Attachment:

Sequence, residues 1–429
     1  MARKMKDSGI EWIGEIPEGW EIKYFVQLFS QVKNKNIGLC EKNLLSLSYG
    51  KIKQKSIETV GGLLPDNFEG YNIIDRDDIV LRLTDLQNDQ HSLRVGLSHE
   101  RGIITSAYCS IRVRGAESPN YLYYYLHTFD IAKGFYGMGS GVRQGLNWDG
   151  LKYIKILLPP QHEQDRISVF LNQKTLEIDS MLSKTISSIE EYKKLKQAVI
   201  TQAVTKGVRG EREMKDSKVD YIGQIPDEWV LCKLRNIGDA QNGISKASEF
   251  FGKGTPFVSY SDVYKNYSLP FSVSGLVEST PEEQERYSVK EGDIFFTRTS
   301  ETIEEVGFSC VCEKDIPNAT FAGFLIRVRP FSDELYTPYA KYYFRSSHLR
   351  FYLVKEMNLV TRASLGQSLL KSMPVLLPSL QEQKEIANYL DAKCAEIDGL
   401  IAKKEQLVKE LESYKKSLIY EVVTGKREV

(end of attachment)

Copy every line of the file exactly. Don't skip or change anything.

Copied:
Sequence, residues 1–429
     1  MARKMKDSGI EWIGEIPEGW EIKYFVQLFS QVKNKNIGLC EKNLLSLSYG
    51  KIKQKSIETV GGLLPDNFEG YNIIDRDDIV LRLTDLQNDQ HSLRVGLSHE
   101  RGIITSAYCS IRVRGAESPN YLYYYLHTFD IAKGFYGMGS GVRQGLNWDG
   151  LKYIKILLPP QHEQDRISVF LNQKTLEIDS MLSKTISSIE EYKKLKQAVI
   201  TQAVTKGVRG EREMKDSKVD YIGQIPDEWV LCKLRNIGDA QNGISKASEF
   251  FGKGTPFVSY SDVYKNYSLP FSVSGLVEST PEEQERYSVK EGDIFFTRTS
   301  ETIEEVGFSC VCEKDIPNAT FAGFLIRVRP FSDELYTPYA KYYFRSSHLR
   351  FYLVKEMNLV TRASLGQSLL KSMPVLLPSL QEQKEIANYL DAKCAEIDGL
   401  IAKKEQLVKE LESYKKSLIY EVVTGKREV